My book & matching bullet journal (and my cat Noedel)

Last week, the moment was there.

I had seen it coming for a while, yet it suddenly felt like failure. I received the following question in my inbox no less than 3 times:

“I can’t find your book, is it still available somewhere?”

The moment had arrived. My book, Handlettering & Illustration in your Bullet Journal, was sold out. It’s time to say it out loud: there will be no second print.

Exactly 2 years ago, in September 2018, my great pride appeared. My. Own. Book. In all the pink-glittering friendship books that I got to hold in my life, I always answered – with a evenly-pink-and-glittering gel pen – “writer” under the question “what do you want to be when you grow up?”. The current book admittedly had a different form than I imagined at the time (it wasn’t a novel about cool 17-year-old girls who had cool names like “Nicky” and “Jazmin”), but it was a book. A book!

First copy? Second edition!

A book about bullet journaling (how I rolled into that is a nice story for another blog, by the way). Bullet Journaling is a kind of calendar system invented by Ryder Carroll. In my book I told you how to adjust it completely to your own taste. Accompanied by a matching Gouden Lijntjes Bullet Journal. The book release was very promising: while my publisher pressed the first copy into my hands, she was even speaking of a possible second print coming up. I felt giggly down to my toes.

However, that second print was not published for a while. And for another while. After a first peak, sales of the book were slow. When, reluctantly, I asked my publisher about the second print a year later, an answer came which I had already expected. The copies of the first print remained the only copies. Sold out would be sold out.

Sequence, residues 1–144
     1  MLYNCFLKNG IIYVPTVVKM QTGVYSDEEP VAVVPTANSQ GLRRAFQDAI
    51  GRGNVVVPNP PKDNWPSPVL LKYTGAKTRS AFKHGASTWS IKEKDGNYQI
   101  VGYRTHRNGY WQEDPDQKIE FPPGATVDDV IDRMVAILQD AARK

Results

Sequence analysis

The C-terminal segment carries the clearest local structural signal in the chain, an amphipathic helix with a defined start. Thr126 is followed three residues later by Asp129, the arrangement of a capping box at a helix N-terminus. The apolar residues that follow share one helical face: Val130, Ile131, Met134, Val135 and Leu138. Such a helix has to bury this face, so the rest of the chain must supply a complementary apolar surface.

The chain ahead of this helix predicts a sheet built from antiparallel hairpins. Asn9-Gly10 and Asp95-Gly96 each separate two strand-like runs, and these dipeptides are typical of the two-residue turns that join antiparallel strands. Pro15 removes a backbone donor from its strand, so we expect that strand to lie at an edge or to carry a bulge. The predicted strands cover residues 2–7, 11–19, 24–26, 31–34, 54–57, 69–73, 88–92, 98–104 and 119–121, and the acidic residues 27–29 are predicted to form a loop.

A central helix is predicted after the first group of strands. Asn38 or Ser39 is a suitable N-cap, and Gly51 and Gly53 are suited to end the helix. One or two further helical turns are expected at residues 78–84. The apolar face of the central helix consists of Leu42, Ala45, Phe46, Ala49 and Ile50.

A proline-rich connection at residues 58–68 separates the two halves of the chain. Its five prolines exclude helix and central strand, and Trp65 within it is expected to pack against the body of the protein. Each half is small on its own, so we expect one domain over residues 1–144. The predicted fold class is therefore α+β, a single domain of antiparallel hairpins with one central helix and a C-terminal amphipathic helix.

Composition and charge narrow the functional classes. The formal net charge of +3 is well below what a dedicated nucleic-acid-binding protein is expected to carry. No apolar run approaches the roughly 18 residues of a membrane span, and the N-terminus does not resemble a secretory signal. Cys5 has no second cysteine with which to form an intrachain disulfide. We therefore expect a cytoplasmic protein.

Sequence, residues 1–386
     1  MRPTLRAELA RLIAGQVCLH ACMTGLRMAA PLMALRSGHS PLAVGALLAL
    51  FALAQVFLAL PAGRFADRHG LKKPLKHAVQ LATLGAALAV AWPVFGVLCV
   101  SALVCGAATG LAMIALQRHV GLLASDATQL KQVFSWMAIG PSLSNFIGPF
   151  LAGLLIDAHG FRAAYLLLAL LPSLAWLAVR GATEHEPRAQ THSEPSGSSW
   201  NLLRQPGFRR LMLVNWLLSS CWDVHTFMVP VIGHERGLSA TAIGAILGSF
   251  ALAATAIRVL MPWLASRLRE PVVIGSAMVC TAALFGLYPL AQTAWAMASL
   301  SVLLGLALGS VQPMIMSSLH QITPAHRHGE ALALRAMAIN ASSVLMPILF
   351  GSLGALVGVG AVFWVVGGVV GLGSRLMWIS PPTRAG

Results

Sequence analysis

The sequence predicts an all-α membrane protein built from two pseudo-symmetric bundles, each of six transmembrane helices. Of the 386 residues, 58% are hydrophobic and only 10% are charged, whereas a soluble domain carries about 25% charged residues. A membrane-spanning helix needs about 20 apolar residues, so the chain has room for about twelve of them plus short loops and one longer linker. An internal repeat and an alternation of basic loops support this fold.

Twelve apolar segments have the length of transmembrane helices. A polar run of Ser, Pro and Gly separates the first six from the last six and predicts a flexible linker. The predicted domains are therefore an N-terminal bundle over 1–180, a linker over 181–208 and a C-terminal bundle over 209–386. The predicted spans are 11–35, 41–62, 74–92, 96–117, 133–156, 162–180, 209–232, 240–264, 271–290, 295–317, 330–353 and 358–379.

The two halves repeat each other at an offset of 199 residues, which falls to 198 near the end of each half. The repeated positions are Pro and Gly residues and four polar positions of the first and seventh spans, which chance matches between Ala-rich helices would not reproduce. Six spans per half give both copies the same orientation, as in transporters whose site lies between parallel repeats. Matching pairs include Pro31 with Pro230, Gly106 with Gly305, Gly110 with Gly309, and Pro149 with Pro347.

Signeren tijdens mijn boekuitreiking (foto: Evelien Hogers)

But why?

Neither the publisher nor I really understood why. We were (are!) very happy with the content. It has become a colorful book, chock full of great tips and beautiful photos. For weeks I have been researching and refining to make all information as complete as possible. Bullet journaling spreads from start to finish. About 95% of reviews that appeared were very positive (a few would have liked to see more lettering examples, for examples). I often received personal messages via Instagram from people who were so very happy with it. A German publisher was even interested in the translation. And yet there was apparently something about the book that just didn’t make people snatch it off a book shelf.

The next opportunity is just around the corner. Right?

To be honest, I wasn’t worried for a long time about the second print not coming. In fact, I thought I’d be able to announce another book by the time it became noticeable. In the sense of: “Doesn’t matter that this is sold out: I already have new, better version coming up! Look at me having outgrown the previous book!”. Moving on. I had already learned so much, so many great new ideas. And besides: still SO much time.

The latter is why the announcement “your book is finished” felt like “your time is up.” And you didn’t do sh * t. No new manuscript, no new publisher deal. Not even a bundle of Sunday poems. It felt like failure.

Speech by my publisher (picture: Evelien Hogers)
Still in love with the pretty pictures from my book (picture: Sterstijl fotografie)

What I would do differently now